Linemen: Subtle defensive adjustments work

Linemen: Subtle defensive adjustments work
November 5, 2012, 8:00 pm
Share This Post

There were no bigger smiles than from the Ravens defense, who took pride in their improved performance at the Cleveland Browns coming off a bye week.

One of the NFL worst units held up five times in the red zone, forcing Cleveland to settle for five field goals when they moved the ball inside the Ravens' 20-yard line.

"We don't let guys in the end zone," lineman Terrence Cody said. "You can do what you want to do but we refuse to let you in the end zone."

Rookie running back Trent Richardson had his third 100-yard game of the season for Cleveland, but he wasn't effective in the second half when he was held to 29 yards.

Defensive end Arthur Jones, who replaced the injured Pernell McPhee in the starting lineup, pointed to the adjustments made by the coaching staff that shifted him inside while putting tackle Haloti Ngata on the outside. Also, linebacker Terrell Suggs was put opposite Ngata.

"It's a great mix up. We're just going to keep building it, keep getting better," Jones said. "It was a great game plan. Coaches switched us all up.

"It gives our defense a little bit more balance. Not having Haloti and Terrell on the same side, it was just a different look for this week."

Maintaining gap assignments helped as well. In the first half, the Ravens weren't as good at doing that which allowed Richardson to find space.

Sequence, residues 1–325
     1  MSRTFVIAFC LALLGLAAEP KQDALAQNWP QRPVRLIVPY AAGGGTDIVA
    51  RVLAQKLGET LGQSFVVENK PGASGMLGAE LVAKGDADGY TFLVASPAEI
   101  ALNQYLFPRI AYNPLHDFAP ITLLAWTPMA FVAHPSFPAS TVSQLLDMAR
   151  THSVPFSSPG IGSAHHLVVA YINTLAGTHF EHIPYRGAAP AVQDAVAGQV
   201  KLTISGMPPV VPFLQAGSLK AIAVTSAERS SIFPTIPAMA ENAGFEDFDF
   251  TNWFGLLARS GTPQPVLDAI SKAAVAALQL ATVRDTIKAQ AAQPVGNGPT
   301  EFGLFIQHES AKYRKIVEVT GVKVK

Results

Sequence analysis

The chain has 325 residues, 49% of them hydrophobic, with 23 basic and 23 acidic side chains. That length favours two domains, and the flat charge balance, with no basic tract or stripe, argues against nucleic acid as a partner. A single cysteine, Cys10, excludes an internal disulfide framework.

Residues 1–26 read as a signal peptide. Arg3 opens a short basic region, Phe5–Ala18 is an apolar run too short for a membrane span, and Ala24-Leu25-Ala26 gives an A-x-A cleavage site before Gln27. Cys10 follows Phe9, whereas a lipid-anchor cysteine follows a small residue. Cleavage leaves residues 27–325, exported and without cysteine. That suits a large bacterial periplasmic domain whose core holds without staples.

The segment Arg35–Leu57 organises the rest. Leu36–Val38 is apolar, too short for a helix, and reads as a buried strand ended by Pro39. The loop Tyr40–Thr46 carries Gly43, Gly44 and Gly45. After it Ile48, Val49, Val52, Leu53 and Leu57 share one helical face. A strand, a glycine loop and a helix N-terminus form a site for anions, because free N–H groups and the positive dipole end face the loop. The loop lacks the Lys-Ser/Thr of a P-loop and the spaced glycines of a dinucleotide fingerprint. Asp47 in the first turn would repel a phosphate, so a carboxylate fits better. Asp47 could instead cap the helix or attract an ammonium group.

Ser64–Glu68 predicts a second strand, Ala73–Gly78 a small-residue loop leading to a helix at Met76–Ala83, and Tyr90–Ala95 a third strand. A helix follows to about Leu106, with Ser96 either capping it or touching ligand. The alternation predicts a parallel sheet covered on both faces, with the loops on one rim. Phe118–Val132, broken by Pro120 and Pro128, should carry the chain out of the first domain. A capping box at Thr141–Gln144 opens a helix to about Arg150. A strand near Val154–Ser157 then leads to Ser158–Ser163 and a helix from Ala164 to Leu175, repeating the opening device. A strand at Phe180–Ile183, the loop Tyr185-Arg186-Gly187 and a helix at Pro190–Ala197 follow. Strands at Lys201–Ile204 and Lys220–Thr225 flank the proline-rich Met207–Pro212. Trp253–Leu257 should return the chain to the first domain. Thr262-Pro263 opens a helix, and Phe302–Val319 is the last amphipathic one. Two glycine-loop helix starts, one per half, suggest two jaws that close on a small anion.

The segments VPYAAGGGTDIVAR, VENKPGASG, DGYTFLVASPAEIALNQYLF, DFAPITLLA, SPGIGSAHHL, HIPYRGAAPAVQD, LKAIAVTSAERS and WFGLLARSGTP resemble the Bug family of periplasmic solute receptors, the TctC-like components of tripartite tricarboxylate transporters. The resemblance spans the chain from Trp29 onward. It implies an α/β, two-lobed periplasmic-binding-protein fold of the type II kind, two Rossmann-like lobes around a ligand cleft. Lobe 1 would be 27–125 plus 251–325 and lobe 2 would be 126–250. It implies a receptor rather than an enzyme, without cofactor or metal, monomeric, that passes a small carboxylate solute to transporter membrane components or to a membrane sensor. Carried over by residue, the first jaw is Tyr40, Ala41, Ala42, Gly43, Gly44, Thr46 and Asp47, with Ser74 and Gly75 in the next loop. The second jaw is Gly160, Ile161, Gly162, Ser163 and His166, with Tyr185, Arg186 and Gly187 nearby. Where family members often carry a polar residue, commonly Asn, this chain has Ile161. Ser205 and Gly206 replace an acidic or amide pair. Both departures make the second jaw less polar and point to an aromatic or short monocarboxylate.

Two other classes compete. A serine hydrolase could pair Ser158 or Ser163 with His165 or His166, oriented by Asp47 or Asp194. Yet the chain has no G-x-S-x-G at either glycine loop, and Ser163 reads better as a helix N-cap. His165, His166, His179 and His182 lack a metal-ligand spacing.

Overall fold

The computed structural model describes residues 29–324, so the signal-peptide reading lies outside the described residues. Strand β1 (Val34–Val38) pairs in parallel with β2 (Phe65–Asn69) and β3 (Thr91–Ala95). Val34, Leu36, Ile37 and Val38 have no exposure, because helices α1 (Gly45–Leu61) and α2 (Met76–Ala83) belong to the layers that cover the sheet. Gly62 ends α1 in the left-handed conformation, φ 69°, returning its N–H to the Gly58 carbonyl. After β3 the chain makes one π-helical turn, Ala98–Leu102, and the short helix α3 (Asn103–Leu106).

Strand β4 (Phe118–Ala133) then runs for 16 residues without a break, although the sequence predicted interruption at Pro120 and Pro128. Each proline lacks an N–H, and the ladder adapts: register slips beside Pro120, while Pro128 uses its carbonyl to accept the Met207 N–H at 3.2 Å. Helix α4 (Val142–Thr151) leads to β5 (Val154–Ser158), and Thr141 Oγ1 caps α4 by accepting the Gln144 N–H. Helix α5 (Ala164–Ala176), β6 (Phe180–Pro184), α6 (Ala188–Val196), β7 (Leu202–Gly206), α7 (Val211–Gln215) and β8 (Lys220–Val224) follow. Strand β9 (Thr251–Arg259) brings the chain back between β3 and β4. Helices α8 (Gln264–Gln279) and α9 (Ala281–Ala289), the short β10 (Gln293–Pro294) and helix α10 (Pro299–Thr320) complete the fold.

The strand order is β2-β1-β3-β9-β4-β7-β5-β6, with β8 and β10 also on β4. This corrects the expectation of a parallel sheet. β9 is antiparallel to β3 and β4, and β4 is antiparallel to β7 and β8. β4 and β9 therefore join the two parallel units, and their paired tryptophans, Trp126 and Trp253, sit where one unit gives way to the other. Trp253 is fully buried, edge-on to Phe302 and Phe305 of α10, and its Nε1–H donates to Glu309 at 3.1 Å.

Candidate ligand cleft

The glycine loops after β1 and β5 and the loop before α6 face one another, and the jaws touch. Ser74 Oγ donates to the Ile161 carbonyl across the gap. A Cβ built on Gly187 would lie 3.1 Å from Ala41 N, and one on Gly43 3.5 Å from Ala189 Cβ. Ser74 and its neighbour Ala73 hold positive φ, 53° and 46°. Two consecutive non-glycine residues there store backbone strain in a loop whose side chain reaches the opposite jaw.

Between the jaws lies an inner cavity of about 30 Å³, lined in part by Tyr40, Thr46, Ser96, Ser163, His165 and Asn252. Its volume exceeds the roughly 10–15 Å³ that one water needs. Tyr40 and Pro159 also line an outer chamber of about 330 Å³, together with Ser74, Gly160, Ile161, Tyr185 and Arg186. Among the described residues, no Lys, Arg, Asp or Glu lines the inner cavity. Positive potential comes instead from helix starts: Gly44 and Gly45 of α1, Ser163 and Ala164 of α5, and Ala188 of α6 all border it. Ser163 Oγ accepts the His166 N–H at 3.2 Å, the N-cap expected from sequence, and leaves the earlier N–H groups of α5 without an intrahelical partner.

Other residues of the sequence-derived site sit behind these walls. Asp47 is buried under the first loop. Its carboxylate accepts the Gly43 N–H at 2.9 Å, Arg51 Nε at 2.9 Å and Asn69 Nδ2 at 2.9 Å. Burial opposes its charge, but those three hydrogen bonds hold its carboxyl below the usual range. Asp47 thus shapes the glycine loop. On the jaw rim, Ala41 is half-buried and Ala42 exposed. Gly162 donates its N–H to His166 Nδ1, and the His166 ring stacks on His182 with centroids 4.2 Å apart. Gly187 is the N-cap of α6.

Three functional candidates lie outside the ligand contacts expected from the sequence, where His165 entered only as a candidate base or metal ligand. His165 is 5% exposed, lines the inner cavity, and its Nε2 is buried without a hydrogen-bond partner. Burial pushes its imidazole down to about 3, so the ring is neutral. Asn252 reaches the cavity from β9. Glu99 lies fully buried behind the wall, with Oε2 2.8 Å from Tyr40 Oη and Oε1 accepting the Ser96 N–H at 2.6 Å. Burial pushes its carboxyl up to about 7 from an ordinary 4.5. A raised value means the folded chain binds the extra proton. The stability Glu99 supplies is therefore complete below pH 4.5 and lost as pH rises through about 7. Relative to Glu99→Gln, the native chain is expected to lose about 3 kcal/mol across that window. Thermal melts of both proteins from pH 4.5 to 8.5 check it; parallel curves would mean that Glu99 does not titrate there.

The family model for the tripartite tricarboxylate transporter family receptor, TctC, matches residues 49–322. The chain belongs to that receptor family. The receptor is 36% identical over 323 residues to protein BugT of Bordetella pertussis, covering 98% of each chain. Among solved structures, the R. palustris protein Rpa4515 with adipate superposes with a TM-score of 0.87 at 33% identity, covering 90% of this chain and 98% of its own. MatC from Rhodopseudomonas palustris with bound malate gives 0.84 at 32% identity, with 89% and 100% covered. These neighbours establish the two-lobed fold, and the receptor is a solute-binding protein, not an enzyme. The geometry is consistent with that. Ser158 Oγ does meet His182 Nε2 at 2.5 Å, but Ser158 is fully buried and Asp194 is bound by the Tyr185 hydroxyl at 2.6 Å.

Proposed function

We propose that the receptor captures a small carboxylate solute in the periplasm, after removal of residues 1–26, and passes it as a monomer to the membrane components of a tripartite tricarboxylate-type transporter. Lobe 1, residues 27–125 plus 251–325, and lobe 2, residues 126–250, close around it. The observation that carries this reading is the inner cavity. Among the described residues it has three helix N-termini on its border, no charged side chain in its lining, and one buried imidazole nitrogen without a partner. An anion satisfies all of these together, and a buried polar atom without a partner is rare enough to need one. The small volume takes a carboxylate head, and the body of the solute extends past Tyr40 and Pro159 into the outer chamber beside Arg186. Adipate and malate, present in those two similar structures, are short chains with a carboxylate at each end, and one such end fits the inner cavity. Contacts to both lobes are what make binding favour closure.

"It was more of people staying in their gap. Once you get out of your gap, he jump cuts and makes one cut and he's upfield," Cody said. "That's one thing that makes him really good. He has real good patience."

The Ravens had a similar performance against the Kansas City Chiefs for a 9-6 victory. They allowed Jamaal Charles to rush for 140 yards but they kept him out of the end zone and shut him down in the second half. They also forced turnovers on their half of the field, including in a goal-line situation, to help a struggling offense.

The Ravens also forced two turnovers while their offense didn't commit any Sunday.

Like the Chiefs with Matt Cassel, however, the Browns don't have a quarterback or receivers who are serious threats. Brandon Weeden threw for 320 yards in a 23-16 loss in Baltimore in the first meeting. He only had 176 Sunday. 

Adjusting the defense to contain power running teams, such as the Pittsburgh Steelers who the Ravens will play twice within the next month, could be on the menu for the rest of the season.

"It depends on who we're playing, what type of running team they are. Some teams, the zone (blocking) is their thing," Cody said. "(Cleveland) is more of a power team so we just did more of a leverage thing up front. That's what we have to do."

Jones looks forward to it.

"Absolutely, because we got so much talent on our defensive line," he said. "It doesn't show if you look at the yards and stuff like that. We're getting wins. That's the most important part. We're going to be the best that we can be."